To put this into perspective, during the most recent health plan rate negotiations, Covered California–California’s health insurance exchange– utilized data from the Office of Statewide Health Planning and Development to illustrate that the mix of individuals in the insurance pool were not sicker than the existing patient population. This information was leveraged by Covered California resulting in lower health plan rates for Californians. Similarly, we utilized data from the Departments of Social Services, Health Care Services (DHCS), and Public Health (CDPH) to help us pinpoint individuals who had access and functional needs and were utilizing an electrically powered medical devices so to ensure that they were safe during the wildfires and the public safety power shutoffs.
Data from shared agreements have shaped California’s policies and responses to the COVID-19 pandemic. For example, as part of California’s COVID-19 response, data was utilized from CDPH and DHCS to identify demographic, socioeconomic, and geographic risk factors for COVID-19 outbreaks in California’s among those served by the 1,230 Skilled Nursing Facilities (SNF). The data shared expedited the planning, monitoring, and adjustments in interventions to address the COVID-19 infection rates of California’s SNF population including those on Medi-Cal. Other direct results include the development of GIS driven reporting tools as well as the development of and data driven modifications to CDPH’s guidance measures for limiting transmission of the virus in SNFs and their surrounding communities.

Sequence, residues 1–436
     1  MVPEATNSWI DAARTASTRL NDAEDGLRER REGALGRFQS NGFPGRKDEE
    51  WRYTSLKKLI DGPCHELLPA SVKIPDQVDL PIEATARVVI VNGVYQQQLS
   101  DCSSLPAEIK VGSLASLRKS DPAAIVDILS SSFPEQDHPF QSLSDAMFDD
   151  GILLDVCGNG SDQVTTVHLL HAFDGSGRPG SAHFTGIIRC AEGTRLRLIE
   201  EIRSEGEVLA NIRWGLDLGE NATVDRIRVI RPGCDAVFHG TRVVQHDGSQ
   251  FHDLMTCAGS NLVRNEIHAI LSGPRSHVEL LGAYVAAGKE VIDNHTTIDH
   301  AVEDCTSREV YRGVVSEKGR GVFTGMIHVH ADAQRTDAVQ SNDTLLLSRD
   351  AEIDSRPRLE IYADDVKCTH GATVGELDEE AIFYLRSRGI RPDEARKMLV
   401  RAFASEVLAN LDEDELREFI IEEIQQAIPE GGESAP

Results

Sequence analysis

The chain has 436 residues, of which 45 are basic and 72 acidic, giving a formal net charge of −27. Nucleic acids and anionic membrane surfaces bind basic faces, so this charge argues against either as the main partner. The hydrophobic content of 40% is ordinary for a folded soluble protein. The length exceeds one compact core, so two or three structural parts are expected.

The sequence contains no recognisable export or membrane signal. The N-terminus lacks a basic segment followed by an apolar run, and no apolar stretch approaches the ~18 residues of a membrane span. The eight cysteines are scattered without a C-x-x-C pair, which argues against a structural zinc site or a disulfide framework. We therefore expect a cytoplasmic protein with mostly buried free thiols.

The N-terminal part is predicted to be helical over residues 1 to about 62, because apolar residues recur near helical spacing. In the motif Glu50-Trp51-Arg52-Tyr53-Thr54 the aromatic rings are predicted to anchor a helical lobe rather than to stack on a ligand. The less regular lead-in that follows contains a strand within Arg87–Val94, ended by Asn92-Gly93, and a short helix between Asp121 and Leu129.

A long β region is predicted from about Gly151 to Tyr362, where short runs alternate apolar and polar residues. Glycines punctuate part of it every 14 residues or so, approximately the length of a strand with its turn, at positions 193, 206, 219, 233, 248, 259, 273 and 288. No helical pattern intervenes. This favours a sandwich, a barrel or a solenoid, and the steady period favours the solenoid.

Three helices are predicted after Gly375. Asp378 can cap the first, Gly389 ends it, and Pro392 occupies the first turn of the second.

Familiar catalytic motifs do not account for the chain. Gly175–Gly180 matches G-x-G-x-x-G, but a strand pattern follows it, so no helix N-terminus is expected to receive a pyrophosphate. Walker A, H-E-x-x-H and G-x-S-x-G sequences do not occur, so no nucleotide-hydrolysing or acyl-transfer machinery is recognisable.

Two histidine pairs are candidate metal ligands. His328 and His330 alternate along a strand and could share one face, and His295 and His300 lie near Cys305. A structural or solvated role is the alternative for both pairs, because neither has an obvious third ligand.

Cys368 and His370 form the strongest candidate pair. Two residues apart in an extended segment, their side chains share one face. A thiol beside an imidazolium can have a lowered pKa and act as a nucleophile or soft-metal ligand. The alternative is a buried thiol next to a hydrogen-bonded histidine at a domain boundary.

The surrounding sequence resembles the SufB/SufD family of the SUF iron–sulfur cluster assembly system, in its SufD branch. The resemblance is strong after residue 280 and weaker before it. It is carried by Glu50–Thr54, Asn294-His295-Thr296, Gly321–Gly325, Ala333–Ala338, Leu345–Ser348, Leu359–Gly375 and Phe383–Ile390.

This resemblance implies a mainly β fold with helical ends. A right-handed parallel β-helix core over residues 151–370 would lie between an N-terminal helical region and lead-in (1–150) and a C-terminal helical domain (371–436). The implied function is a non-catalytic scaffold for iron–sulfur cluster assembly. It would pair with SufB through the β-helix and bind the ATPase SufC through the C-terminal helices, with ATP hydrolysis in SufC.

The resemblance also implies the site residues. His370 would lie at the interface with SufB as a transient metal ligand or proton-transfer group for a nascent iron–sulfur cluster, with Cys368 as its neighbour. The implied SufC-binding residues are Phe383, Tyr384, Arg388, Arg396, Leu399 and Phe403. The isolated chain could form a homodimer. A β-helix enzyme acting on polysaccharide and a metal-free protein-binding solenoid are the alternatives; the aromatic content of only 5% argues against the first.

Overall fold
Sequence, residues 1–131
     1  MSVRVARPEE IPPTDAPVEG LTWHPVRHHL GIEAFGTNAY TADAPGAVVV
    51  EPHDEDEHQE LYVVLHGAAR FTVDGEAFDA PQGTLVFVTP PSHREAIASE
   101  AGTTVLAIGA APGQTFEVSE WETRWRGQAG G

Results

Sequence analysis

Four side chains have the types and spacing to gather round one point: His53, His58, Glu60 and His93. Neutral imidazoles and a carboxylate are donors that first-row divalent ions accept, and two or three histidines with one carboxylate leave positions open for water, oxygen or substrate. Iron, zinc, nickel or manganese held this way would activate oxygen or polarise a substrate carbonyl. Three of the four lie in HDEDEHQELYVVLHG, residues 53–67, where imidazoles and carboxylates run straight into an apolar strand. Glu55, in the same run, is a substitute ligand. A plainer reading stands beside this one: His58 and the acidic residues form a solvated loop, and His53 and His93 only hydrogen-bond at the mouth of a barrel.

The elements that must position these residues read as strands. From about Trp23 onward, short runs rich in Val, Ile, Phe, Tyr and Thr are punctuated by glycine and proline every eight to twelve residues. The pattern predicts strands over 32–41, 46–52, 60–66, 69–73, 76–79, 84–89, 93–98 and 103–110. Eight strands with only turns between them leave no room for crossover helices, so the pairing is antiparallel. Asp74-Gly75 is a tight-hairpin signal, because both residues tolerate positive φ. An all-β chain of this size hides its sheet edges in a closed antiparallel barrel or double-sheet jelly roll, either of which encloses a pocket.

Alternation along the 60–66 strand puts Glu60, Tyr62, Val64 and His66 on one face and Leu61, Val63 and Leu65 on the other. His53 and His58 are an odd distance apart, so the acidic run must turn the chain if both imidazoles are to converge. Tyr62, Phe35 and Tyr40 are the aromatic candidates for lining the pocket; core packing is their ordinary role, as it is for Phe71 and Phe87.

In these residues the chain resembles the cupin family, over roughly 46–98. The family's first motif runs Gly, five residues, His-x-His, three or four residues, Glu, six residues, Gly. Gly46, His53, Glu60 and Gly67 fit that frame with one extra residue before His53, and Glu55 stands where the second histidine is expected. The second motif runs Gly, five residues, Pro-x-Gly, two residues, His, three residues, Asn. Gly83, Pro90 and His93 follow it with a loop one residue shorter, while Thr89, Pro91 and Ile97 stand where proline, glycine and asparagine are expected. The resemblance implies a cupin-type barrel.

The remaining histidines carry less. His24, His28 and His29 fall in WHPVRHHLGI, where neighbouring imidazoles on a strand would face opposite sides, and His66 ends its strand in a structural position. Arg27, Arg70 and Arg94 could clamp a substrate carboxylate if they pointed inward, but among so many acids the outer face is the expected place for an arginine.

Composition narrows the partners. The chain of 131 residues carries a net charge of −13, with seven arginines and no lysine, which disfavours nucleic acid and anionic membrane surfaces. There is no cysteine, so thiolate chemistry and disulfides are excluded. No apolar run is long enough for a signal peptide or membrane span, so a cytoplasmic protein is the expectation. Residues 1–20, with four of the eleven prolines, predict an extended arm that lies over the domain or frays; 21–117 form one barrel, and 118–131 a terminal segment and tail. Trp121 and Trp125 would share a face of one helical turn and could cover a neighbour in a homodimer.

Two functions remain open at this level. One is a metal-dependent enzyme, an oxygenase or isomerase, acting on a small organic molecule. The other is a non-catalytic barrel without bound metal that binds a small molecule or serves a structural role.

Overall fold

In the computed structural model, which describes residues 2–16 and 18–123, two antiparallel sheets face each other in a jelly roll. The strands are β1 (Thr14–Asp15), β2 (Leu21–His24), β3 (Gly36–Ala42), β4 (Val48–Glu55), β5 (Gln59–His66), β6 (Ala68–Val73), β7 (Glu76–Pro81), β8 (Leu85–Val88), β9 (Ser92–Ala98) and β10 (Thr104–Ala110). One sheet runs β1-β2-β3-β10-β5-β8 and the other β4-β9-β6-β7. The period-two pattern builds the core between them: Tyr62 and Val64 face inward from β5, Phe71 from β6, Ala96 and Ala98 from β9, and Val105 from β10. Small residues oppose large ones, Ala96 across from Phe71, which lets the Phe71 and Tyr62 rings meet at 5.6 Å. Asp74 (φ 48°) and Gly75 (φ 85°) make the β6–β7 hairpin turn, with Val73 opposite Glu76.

Finally, we are beginning to leverage our resources to ensure that we deliver on this vision. We believe that we must think differently about our programs in order for us to deliver outcomes that improve the lives of the most vulnerable among us. To do this, we must utilize both our people and our information to improve government’s role and function. We have made considerable progress toward this vision by enlisting our teams not only to think about how we do business more efficiently, but by reconnecting with the individuals we serve, our clients.
To further accelerate this vision, we are establishing, with existing resources, a CHHS Center for Data Insights and Innovation. The Center will help us deliver on five key principles: (1) adopt a culture of collaboration and innovation; (2) focus on outcomes and value generation; (3) use data to drive action; (4) put the person back in person-centered; and (5) see the whole person. The CHHS and the Center look forward to working with Government Operations Agency’s Chief Data Officer to scale the Inter-Agency Data Exchange Agreement statewide. Together with counties, cities, and communities, as well as our public, private, faith, and educational partners we will work to make California a healthy, vibrant, inclusive place to live, play, work, and learn.
Mark Ghaly, MD, MPH is the Secretary of the California Health and Human Services Agency
John Ohanian is the Chief Data Officer and Director for the Center of Insights and Innovation at the California Health and Human Services Agency
Contact the Center for Data Insights and Innovation at CDII@CHHS.ca.gov.